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Monday Morning Notes
October 31, 2011
from the desk of Chuck Violand... 

Good Monday morning, <<First Name>>—  

            Time and the emotional energy it takes to run a business can have an eroding effect on our playfulness and sense of exploration as it applies to our company.
            We would all do ourselves a favor by heeding the second part of Steve Jobs advice to “Stay hungry, stay foolish.”   




by Chuck Violand... 

            As business owners we work hard to hang on to the success we’ve worked our entire careers to achieve. But sometimes hanging on too tightly causes us to lose our grip on the very things that, if we loosened up a bit, we might actually be able to hold onto a little longer...and maybe enjoy a little more.
            When Steve Jobs and the Whole Earth Catalog advised us to “stay foolish” they weren’t suggesting we become reckless. They were suggesting we keep alive the inquisitive child that resides within each of us. Unfortunately as we get older and start wearing our grownup clothes the voice of the child within often grows weak.
            IBM, one of the biggest and most successful businesses in the history of enterprise, nearly went out of business after years of astonishing success and market dominance. According to Harvard Business School professor and author Richard Tedlow 1984 at IBM “was the most profitable year for any company in any industry in any country anywhere in the whole world.” Yet six years later they teetered on the verge of bankruptcy. Why? Naturally there are a multitude of reasons, but one is that they started believing their own press and they started taking themselves too seriously. They lost their “foolishness” and replaced it with a rule-bound culture that became overly focused on maintaining IBM norms, like making sure real “IBM’r’s” wore blue suits and garters to keep their socks pulled tight. Seriously.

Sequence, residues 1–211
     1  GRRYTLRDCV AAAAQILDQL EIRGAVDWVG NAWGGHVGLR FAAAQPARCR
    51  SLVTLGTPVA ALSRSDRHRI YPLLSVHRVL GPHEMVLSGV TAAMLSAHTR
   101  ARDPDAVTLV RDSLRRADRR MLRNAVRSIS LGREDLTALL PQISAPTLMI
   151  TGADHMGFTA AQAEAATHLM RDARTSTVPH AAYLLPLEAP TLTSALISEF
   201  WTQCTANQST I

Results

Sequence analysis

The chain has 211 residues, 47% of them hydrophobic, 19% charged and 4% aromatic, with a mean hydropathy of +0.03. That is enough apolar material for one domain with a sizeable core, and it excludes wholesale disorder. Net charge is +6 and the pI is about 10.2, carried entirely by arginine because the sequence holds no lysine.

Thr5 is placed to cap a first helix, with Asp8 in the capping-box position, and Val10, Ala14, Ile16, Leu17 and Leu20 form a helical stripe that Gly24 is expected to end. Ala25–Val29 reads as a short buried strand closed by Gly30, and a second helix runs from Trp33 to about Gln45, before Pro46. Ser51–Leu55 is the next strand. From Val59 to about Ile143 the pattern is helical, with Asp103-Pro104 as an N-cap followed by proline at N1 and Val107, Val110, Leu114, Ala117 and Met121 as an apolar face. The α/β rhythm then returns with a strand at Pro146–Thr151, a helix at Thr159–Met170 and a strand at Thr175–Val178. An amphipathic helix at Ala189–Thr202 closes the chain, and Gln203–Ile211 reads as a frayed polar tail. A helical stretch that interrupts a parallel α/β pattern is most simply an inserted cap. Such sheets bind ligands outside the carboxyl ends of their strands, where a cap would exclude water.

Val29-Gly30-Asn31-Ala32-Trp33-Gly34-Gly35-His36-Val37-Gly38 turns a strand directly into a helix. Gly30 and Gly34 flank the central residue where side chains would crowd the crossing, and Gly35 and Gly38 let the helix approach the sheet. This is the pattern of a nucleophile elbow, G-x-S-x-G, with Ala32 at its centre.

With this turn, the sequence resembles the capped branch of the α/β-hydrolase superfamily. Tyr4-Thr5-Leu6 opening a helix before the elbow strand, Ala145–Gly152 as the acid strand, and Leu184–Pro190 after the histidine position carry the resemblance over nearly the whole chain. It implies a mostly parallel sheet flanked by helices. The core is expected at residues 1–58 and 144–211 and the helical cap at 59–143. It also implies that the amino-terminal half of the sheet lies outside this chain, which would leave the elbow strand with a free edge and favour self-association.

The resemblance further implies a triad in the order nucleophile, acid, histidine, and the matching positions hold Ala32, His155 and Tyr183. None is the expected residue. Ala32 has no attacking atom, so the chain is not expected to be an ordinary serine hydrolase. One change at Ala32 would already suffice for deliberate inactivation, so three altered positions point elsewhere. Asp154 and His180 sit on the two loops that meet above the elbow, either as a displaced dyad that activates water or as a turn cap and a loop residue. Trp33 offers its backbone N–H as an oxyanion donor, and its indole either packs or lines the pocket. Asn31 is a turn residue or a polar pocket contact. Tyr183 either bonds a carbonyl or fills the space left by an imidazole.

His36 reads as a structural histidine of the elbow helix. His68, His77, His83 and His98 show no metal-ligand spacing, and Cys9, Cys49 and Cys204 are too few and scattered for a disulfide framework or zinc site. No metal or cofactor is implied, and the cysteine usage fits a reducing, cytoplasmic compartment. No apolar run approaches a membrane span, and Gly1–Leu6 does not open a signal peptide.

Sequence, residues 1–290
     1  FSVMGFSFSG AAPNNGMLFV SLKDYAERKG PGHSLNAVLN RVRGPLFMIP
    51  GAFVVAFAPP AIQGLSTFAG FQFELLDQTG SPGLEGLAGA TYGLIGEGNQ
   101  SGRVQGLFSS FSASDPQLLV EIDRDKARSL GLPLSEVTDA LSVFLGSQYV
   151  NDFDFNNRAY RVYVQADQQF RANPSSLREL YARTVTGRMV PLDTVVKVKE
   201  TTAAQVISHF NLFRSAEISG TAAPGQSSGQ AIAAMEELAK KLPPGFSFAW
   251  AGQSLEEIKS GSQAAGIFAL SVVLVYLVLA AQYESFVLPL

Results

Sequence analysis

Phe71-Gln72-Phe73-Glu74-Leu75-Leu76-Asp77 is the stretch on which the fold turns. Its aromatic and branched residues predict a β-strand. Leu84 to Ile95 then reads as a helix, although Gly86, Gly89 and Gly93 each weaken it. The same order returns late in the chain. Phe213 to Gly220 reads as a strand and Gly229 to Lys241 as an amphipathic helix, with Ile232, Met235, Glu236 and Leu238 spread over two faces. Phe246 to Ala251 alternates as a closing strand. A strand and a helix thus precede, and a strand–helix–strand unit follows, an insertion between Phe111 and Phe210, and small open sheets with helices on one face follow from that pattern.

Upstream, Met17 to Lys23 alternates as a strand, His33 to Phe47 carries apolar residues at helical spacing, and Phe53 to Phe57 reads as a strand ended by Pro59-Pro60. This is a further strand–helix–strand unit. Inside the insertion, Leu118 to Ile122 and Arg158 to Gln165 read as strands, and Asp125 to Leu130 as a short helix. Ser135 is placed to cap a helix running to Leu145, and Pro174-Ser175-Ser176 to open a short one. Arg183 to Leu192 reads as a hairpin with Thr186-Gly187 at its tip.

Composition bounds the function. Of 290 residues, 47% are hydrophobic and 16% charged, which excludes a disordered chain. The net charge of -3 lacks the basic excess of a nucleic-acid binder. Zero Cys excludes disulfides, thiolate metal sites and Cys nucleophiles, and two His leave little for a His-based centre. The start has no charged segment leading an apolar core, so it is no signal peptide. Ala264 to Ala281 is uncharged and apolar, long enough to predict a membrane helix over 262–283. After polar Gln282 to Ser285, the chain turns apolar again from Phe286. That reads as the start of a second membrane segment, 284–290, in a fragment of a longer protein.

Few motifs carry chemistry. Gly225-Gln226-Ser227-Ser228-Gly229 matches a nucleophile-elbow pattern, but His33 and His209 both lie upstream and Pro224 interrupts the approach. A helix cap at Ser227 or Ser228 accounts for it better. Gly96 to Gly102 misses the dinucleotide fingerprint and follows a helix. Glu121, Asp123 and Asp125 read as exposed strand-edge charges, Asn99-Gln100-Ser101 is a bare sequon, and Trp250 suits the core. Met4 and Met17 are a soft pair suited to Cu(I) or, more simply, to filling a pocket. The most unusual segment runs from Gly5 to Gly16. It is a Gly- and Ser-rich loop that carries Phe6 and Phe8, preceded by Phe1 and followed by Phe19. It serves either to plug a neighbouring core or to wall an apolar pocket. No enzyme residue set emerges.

No company loses their sense of exploration and foolishness overnight. The CEO doesn’t arrive to work one morning and announce that beginning that day the staff will stop having fun and start taking themselves seriously. Or at least he shouldn’t. Instead it creeps into the business slowly; sometimes almost imperceptibly. It happens a little every time we’re called on to make an uncomfortably tough business decision; or every gut-wrenching time we have to replace a valued employee; or every time we narrowly dodge one more financial bullet. It’s easy to get so caught up in the daily press of doing what needs done just to keep the doors open that we stop taking time to enjoy our business.
            Even when our companies are hugely successful it’s easy to start taking ourselves too seriously. We might even start to think we actually had control over the factors that led to our success in the first place. Whenever I see a company falling into this trap I know it’s time for them to lighten up.
            When we started our business nobody had to remind us to be foolish. We were like little kids at “Chuck E. Cheese’s”—everything new and exciting; every experience a wide-eyed opportunity to learn and play and grow. Staying foolish was second nature. We hadn’t yet learned what we couldn’t do or didn’t know, so we explored.
            Sometimes we need to stop taking ourselves so seriously and wake up that sense of foolishness that may have grown tired. We don’t need to dance down Wall Street wearing a hula skirt (Sam Walton, Walmart CEO), or hide in an overhead luggage bin on an airplane or settle a legal dispute with a public arm wrestling contest (Herb Kelleher, Southwest Airlines CEO). But we’d all find it helpful to heed Steve Job’s advice to “Stay hungry, stay foolish.” 


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around VMA
 this time of year
 is all about Business Planning for 2012. 

To help YOU
with your own planning below are the dates
of VMA programs
and events for
the coming year.

Developed after
more than two decades
of consulting with businesses like yours,
our programs
actively engage the participants, promote achievement, and
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in your company
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April 5
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